The U.S. Congress at Work: A Reminder
Under the many appropriations and regulatory bills thus far passed by the House and Senate
(though not yet sent to the President's desk for his signature or veto), many social and
environmental programs have been targeted for elimination or reduction. In many cases,
these budget-cutting measures are the result of efforts to implement the Republican
manifesto, the Contract with America. Whether you voted in support of a candidate wielding
the Contract last fall, voted against it, or didn't really care, you should still be aware of what
the Republican-controlled Congress has planned for our future. Here, in no particular order,
are a number of programs relating to human welfare that have been addressed recently by
Congress. All of the following have been approved by either the full Senate or the House of
These are only a few of the many programs that Congress has deemed wasteful. In their
stead, it is claimed, will be a reduced budget deficit and, eventually, reduced taxes. But
Congress is far from even-handed in its tactics to reduce Federal spending. Despite the need
to reduce the budget deficit, and regardless of the deep cuts into social programs that it has
passed, Congress is planning appropriations to the Department of Defense beyond even what
the Pentagon itself believes is necessary. Two examples are proposed funding for additional
B-2 bombers, at a cost of roughly $1 billion each, despite the 20 such planes that are under
construction or that already exist (though they have never been used), and the resurrection of
the "Star Wars" strategic missile defense system with $300 million in start-up funds allocated
by the Senate (the Administration estimates that the completed system will cost $48 billion).
These programs are pure Congressional pandering to the defense industry -- political pork
with little or no social or military value in the post-cold war period, and in any case not cost
effective given the lack of current need for such military technology and the oft-stated
Congressional goal of reducing the budget deficit.
- Federal aid to public schools, particularly those serving large numbers of low-income
families, will be cut by 17 percent, or about $1 billion.
- The President's program for setting educational standards for public schools will be
- The Head Start program, for pre-school-age children of low-income families, will be
cut by about $130 million.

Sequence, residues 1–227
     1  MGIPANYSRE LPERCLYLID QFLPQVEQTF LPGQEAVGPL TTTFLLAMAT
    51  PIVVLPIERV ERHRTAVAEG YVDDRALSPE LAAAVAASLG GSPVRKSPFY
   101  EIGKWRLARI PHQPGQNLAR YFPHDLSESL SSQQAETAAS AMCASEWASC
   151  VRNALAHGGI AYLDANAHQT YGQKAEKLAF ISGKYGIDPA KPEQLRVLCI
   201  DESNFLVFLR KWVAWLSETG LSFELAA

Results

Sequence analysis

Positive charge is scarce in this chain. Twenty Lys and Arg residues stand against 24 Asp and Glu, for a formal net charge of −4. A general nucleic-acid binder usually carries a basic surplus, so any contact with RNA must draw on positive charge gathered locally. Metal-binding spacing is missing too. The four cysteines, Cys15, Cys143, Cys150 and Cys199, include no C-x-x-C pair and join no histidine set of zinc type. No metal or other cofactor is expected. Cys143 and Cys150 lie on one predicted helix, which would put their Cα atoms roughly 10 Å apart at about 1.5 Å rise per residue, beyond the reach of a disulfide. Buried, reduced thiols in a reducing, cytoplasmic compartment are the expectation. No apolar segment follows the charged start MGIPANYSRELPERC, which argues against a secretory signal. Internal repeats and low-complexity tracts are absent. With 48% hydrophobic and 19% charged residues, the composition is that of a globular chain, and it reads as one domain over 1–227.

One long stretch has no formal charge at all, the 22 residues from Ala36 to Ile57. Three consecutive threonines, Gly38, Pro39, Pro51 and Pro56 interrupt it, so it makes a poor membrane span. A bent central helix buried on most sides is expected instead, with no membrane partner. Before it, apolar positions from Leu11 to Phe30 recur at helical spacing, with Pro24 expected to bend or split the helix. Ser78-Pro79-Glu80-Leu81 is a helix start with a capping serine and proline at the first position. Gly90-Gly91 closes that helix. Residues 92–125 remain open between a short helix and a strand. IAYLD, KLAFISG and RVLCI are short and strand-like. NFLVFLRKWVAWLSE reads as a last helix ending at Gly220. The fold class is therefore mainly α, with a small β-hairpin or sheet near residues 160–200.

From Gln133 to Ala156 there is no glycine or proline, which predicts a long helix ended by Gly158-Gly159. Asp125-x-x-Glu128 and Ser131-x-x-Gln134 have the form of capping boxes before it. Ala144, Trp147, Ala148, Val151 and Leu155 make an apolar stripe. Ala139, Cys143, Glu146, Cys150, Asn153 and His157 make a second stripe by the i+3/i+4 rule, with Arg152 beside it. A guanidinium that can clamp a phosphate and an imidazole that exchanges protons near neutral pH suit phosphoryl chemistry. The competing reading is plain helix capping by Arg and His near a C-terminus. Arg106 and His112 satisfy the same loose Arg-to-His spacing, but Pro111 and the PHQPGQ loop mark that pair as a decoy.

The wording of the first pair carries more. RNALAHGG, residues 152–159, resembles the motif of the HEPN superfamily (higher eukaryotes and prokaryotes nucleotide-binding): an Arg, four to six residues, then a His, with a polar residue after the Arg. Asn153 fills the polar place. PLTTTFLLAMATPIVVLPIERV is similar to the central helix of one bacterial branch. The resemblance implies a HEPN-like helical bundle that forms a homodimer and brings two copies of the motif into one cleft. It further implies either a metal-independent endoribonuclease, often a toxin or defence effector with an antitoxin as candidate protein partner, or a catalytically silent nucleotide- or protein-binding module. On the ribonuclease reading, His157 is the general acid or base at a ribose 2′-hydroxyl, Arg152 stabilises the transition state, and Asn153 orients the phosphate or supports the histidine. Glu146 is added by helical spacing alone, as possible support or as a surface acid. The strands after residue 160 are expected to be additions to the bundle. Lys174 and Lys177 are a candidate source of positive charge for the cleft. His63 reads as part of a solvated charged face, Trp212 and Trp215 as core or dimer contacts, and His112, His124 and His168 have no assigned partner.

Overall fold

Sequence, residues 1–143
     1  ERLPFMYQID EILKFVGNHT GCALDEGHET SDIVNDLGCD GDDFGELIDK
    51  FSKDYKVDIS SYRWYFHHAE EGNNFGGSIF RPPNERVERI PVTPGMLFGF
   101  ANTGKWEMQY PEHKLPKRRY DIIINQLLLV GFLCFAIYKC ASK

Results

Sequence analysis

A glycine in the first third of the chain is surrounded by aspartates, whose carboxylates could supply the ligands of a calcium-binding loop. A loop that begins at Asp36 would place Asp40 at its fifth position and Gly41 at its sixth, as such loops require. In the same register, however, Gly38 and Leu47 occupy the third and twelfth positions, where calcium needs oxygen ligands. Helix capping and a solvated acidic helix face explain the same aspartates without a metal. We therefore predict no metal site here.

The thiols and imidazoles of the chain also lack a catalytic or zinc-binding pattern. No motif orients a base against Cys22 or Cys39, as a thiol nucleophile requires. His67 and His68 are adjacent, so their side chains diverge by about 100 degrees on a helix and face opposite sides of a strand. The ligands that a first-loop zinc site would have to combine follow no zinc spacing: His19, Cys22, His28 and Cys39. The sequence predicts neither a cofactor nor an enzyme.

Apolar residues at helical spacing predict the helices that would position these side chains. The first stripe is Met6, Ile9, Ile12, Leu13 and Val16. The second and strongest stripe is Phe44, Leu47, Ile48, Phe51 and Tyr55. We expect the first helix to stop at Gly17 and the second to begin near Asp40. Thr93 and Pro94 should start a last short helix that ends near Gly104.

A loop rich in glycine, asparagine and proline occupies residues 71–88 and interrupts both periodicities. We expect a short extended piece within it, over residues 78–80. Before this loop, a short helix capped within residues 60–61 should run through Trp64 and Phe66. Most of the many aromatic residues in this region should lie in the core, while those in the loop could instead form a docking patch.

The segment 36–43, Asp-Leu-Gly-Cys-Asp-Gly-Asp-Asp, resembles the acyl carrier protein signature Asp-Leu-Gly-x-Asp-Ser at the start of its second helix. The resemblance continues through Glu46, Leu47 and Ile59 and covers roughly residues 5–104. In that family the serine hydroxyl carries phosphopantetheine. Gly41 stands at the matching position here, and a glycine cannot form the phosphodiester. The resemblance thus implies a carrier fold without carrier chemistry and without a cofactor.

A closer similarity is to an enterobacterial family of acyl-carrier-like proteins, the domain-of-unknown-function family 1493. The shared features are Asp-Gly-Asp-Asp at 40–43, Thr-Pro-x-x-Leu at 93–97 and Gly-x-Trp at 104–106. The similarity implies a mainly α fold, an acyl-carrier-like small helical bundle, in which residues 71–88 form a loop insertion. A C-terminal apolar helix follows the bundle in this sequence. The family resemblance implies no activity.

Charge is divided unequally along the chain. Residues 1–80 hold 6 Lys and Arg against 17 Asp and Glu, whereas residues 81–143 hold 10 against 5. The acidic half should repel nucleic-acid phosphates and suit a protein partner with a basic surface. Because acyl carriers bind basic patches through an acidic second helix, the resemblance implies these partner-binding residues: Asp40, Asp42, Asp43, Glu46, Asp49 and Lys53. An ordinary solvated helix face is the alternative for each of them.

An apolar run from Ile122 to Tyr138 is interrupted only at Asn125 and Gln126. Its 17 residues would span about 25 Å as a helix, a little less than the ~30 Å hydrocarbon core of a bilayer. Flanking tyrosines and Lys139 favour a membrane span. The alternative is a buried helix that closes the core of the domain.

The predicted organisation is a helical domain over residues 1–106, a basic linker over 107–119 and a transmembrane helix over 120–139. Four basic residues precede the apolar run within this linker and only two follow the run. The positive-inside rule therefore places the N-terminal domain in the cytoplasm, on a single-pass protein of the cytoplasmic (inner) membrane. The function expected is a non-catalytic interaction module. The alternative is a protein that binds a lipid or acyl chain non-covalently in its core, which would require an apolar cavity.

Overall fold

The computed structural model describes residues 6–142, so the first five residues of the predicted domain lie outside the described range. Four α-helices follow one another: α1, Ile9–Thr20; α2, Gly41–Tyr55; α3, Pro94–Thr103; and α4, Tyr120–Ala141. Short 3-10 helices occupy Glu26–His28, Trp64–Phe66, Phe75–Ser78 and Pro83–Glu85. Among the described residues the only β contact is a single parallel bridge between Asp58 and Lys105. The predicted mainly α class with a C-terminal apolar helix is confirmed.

- The Federal program to provide summer employment to youths (projected to create
600,000 jobs next summer) will be abolished.
- Federal funds for job training will be cut by more than 30 percent.
- The Federal program to help the poor pay their heating and cooling bills (remember
the more than 400 deaths in Chicago during this summer's heat wave) will be
- The Environmental Protection Agency's budget will be cut by more than 30 percent,
eliminating its ability to enforce clean water and clean air standards and reducing or
eliminating regulation of cancer-causing substances in processed foods.
- The Department of Energy's program to issue standards for energy efficiency in home
appliances (standards which save consumers money and reduce pollution) will be
- Public housing programs will be cut by about 25 percent.
- The food stamp program will be reduced by almost $2 billion.
- Federal assistance for Amtrak and municipal mass transit systems will be cut by $600
million, the first step towards abolishing Federal support for public transportation.
- Federal funding for legal services (another program that helps those with low
incomes) will be cut by more than 25 percent.
- Federal funds for public broadcasting will be cut by 25 percent and funds for the
National Endowments for the Arts and Humanities will be cut by one-third, the
beginning of a total phase-out of funding for these causes.
- No new plants or wildlife will be protected under Federal law. (In addition,
Republicans in the House and Senate hope to pass a bill that reduces or eliminates
protection for all currently endangered species).
- No new lands will be added to the National Park System.
- States will no longer be required to pay for abortions for poor women who become
pregnant due to rape or incest (as the Federal government does not provide money for
abortion services this will leave private sources to fund abortions, effectively ruling
out their availability to poor people).
- States will no longer be required to use Federal funds provided under the President's
crime bill to hire more police officers and develop and implement crime prevention
Think about it this way: for less than the cost of three of the additional B-2 bombers the
Senate desires, the government can continue to provide support for the nation's public school
systems and continue to implement the laws that protect us against unsafe drinking water and
air pollution. Which would you rather have for your children?
If you feel like taking a few minutes to call your Senators and Representatives in
Washington to let them know how you feel about their priorities -- and yours -- you can
reach them directly by calling (202) 224-3121 or (202) 225-3121.
Richard Wallace is a Ph.D. student in environmental policy at Yale.